Poor wages are also part and parcel of America’s economic failure. Today’s typical household earns no more after inflation than it did almost 20 years ago. Only 44 percent of Americans think they are middle class, the lowest level recorded. However, until fairly recently, raising the minimum wage has also been taboo. The bill before Congress to raise the federal minimum wage from $7.25 to $10.10 may still not pass, but intelligently designed studies suggest such a hike could lift not just 1 million, as the Congressional Budget Office has too conservatively estimated, but 6 million people out of poverty and provide raises for about 25 million people. Similarly, we need an expansion of the Earned Income Tax Credit to childless adults, which the president supports.

Most tragically, we neglect our young. Six million or so Americans ages 16 to 24 are neither in school nor have a job. Dozens of local agencies have been created to place these “opportunity youth” on a middle-class track. But they badly need to be scaled up, and federal support is the only way to do so.

The new interest in funding pre-kindergarten in New York City and elsewhere is welcome. But help has to come much earlier in the lives of children in poverty. One in every five America children under the age of six live in poverty, the second-highest rate in the rich world. A growing body of research shows unambiguously how poor children are cognitively and emotional deprived—and how bleak their futures inevitably are. In America more than in any other rich country, inequality begins at birth. We need to address this crisis to begin building the economy of the future.

If America wants a strong future, it had also better invest more in technological research. Government research has been the heart of the innovation economy, as economists have increasingly shown. But Congress mindlessly cut such research last year. It must be revived and expanded. Other recommendations in our report include investments in energy, national paid family leave policies, and re-vamped workforce training.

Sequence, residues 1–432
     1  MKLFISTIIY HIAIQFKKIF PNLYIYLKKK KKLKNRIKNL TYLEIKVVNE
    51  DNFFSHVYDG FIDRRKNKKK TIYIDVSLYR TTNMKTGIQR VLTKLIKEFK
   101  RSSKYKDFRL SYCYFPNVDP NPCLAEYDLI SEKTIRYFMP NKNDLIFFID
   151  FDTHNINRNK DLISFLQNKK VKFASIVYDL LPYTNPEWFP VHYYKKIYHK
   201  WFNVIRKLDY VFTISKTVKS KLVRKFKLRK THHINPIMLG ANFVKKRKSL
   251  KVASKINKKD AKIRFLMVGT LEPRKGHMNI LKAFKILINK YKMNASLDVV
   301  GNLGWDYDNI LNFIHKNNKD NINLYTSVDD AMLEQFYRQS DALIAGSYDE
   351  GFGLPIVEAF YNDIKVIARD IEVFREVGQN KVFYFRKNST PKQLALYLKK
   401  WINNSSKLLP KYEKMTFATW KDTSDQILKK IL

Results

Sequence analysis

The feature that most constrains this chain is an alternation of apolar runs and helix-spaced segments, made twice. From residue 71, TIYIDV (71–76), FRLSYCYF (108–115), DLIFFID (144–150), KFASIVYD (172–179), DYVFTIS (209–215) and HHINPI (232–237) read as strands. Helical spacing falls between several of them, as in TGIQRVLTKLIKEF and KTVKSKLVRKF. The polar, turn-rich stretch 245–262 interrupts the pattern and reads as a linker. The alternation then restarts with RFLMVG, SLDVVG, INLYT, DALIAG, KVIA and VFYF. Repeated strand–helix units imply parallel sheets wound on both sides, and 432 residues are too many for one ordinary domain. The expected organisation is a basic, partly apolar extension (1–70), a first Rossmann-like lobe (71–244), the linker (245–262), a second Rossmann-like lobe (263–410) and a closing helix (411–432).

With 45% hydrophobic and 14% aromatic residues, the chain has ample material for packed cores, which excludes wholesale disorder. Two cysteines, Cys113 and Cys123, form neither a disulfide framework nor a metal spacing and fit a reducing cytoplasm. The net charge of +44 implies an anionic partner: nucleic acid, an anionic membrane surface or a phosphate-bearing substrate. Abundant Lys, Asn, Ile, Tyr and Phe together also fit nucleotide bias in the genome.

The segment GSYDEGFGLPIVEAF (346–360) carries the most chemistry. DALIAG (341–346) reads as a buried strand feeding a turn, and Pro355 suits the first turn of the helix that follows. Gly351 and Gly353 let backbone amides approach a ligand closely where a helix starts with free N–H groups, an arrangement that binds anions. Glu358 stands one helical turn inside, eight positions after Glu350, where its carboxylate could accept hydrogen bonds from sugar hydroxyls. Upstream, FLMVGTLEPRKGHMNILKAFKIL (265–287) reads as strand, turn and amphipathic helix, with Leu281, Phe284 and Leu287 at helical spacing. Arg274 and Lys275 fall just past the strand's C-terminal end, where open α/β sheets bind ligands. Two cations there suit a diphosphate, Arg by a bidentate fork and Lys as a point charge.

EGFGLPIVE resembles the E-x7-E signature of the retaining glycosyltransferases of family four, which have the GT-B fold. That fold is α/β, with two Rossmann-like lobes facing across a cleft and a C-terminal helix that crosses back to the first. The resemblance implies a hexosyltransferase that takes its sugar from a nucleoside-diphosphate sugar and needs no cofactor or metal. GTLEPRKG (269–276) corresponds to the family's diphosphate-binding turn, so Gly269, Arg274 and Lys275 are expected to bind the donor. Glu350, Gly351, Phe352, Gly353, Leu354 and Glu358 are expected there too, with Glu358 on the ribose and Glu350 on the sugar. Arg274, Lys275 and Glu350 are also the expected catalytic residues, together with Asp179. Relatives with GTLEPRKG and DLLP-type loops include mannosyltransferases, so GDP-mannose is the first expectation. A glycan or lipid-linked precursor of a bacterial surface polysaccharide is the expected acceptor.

The decline of work is not inevitable, and there are more ideas than the 15 we present in our report. We calculate that we can get the unemployment rate below 5 percent and raise wages with a combination of such programs, without incurring a dangerously growing budget deficit.

But bankrupt ideology, narrow politics, and bad economics are robbing the nation of its confidence and hope for the future. A comprehensive jobs plan is not even being attempted in America. Failure becomes contagious. Let’s end the fatalism about employment in America now and win back the nation’s hard-won optimism. 

Jeff Madrick is the Director of the Bernard L. Schwartz Rediscovering Government Initiative.

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Daily Digest - April 9: The Social Safety Net is Popular Because It Works

Apr 9, 2014Rachel Goldfarb

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The One Part of the Charity vs. Social Welfare Argument That Everyone Ignores (The Week)

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The One Part of the Charity vs. Social Welfare Argument That Everyone Ignores (The Week)

Building on Roosevelt Institute Fellow Mike Konczal's piece in Democracy Journal on the myth that private charity could replace government, Matt Bruenig argues that the status quo bias – "let's hold on to what works" – protects social safety net programs once they're in place.

Bill to Restore U.S. Unemployment Insurance Likely to Deadlock in Congress (The Guardian)

Dan Roberts reports that John Boehner will not allow a vote on extended unemployment insurance, which lapsed in December, without provisions to encourage job growth, though the GOP hasn't offered any big ideas.

Labor Department Intervenes on Behalf of Hearst Interns (ProPublica)

In its first amicus brief in an unpaid internship lawsuit, the Labor Department urged the court to use stricter standards to determine whether an unpaid internship is permissible, writes Kara Brandeisky.

Banks Ordered to Add Capital to Limit Risks (NYT)

Federal regulators will increase the leverage ratio, which measures the amount of capital a bank must hold against its assets, writes Peter Eavis. Supporters say this rule is simpler and easier to enforce than other parts of financial reform.

Fed Gives Banks More Time on Volcker Rule Detail (Reuters)

Douwe Miedema reports that banks will get two additional years, through July 21, 2017, to sell off collateralized loan obligations, which the Volcker Rule deems too risky for banks to invest in.

The Unexpected Benefit of Telling People What Their Coworkers Make (The Atlantic)